I know there’s a rule that Italian horrors need a minimum of three titles, but I don’t see why this is mainly known as Black Sunday when The Mask of Satan is its original title and far more descriptive. I believe this is my first Mario Bava movie unless we’re counting Danger: Diabolik on Mystery Science Theater 3000. Fun camerawork, great lighting and atmosphere, and mixed effects (swell zombie makeup vs. rubber bat on a string). Opening titles are unintentially funny (The Mask of Satan, produced by Jolly Films).
Wide-eyed Barbara Steele (of 8 1/2) is the resurrection of a murdered witch from the 1600’s, killed by nailing a devil mask onto her face. In present day, a stumblebum professor (Andrea Checchi, hotel detective of The 1000 Eyes of Dr. Mabuse) pauses between clumsily destroying ancient relics to purposely remove the mask, and then I get confused because the witch is reborn but also has a doppelganger descendant living in the castle next door. The professor gets himself possessed, so his student (John Richardon of Torso and One Million Years B.C.) becomes our hero. He wrestles the devil in a hallway and wins! I’m used to rooting for resurrected ghosts to take revenge on the families of their murderers, but this movie makes it hard, the zombies all rotting and horrid with no vampiric panache. It also takes its Christ vs. Devils thing very seriously, and the townspeople with pitchforks and torches are the good guys.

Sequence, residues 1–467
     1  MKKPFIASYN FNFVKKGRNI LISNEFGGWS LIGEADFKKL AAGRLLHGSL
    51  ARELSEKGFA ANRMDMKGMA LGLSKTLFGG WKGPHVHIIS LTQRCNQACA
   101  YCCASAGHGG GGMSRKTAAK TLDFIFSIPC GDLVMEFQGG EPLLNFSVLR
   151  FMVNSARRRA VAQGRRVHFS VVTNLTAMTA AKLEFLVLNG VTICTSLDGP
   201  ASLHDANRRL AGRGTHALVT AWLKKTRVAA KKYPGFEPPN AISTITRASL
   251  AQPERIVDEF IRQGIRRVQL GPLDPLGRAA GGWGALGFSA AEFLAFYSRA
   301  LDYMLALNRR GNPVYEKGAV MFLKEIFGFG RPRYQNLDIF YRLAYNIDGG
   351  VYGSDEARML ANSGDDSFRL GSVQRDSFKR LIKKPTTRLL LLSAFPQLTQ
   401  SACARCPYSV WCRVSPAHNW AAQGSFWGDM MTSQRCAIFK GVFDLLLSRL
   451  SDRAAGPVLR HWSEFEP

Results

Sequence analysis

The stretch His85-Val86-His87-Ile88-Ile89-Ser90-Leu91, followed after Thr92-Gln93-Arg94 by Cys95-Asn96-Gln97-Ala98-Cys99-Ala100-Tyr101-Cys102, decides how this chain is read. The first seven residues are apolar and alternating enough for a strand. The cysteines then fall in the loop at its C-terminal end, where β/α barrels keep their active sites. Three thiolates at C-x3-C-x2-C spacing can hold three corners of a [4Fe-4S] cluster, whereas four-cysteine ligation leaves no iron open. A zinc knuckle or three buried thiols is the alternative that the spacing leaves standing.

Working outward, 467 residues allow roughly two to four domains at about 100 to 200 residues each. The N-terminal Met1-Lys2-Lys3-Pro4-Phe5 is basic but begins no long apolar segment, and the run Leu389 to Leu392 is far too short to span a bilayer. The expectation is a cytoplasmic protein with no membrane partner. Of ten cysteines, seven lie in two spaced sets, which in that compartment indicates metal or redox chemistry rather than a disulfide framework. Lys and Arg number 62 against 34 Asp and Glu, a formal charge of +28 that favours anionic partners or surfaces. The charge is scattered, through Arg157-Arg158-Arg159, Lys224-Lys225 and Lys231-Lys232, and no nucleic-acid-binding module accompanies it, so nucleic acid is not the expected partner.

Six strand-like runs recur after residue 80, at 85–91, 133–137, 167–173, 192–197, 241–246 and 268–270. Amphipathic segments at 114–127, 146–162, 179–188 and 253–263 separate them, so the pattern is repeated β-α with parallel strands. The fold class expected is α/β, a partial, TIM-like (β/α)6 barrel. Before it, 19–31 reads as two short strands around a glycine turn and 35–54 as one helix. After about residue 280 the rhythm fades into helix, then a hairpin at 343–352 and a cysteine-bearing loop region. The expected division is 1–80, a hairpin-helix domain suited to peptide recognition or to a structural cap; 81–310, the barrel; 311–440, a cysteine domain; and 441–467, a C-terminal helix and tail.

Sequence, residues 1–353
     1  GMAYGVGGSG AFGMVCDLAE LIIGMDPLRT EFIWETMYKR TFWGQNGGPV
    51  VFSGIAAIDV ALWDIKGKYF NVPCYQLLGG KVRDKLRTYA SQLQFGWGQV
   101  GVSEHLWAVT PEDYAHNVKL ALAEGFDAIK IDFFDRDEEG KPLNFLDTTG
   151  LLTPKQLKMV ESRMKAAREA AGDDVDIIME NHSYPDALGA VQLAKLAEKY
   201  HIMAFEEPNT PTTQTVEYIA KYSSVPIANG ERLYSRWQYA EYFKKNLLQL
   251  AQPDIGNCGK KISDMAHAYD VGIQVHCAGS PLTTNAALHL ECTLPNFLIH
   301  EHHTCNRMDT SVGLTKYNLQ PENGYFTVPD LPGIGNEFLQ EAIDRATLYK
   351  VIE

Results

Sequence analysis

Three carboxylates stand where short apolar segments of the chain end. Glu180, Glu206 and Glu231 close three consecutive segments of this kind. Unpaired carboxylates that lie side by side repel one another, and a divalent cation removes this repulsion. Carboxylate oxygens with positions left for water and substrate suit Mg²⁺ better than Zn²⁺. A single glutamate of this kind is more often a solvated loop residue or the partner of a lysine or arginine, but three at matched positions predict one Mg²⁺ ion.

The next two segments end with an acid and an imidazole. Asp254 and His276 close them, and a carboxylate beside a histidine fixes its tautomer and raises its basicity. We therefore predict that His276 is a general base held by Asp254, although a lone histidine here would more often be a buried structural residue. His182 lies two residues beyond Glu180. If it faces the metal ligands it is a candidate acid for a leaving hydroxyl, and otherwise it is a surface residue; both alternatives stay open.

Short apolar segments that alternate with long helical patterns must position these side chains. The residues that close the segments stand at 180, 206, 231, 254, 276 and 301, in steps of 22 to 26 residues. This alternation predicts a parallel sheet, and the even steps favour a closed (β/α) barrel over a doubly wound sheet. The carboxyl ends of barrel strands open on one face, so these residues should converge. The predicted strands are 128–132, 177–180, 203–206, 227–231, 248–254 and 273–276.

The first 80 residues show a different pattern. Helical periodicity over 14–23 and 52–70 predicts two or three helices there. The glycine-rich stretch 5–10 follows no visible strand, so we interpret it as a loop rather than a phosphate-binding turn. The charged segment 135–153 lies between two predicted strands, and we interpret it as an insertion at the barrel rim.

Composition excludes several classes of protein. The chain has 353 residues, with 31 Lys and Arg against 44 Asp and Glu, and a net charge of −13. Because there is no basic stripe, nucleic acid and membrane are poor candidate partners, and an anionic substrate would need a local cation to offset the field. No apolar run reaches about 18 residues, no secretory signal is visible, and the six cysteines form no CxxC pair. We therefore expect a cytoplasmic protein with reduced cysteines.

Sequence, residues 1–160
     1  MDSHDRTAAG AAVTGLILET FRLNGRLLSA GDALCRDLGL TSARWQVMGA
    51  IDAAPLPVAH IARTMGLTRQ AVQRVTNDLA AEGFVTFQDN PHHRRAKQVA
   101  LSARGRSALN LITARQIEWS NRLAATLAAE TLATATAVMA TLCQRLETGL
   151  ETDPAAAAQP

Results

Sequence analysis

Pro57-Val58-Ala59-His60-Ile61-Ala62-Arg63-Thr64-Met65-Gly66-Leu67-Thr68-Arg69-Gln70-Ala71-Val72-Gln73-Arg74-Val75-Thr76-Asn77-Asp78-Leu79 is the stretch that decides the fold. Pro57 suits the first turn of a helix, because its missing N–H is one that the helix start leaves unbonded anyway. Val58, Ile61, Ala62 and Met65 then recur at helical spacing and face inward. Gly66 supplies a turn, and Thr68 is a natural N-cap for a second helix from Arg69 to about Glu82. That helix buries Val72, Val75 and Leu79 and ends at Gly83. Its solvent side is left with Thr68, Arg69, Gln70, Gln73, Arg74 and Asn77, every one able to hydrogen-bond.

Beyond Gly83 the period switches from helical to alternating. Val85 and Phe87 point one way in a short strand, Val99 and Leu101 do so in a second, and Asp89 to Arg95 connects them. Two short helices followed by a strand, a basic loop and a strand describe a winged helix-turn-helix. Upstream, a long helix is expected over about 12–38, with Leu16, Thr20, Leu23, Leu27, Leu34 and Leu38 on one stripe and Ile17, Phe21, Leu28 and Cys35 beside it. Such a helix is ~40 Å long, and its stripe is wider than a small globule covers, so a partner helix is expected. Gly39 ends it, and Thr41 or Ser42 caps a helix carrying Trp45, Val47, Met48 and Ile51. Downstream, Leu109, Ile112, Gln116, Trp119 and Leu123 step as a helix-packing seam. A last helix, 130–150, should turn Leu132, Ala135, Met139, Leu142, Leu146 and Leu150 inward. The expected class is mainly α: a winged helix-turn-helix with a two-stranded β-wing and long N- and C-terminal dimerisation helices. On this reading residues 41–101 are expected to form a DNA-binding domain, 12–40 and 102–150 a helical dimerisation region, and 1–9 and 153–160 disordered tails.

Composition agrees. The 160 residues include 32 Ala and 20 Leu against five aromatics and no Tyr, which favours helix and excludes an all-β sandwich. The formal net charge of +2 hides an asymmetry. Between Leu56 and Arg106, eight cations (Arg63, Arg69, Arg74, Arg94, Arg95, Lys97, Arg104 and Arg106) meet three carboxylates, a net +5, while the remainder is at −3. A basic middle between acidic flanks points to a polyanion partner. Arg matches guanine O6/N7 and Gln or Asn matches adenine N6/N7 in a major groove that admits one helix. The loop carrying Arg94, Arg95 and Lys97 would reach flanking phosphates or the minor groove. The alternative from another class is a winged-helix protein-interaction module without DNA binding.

Anyway, if I ever move into a castle, first thing I’ll do is measure all the walls House of Leaves-style to check for hidden passageways.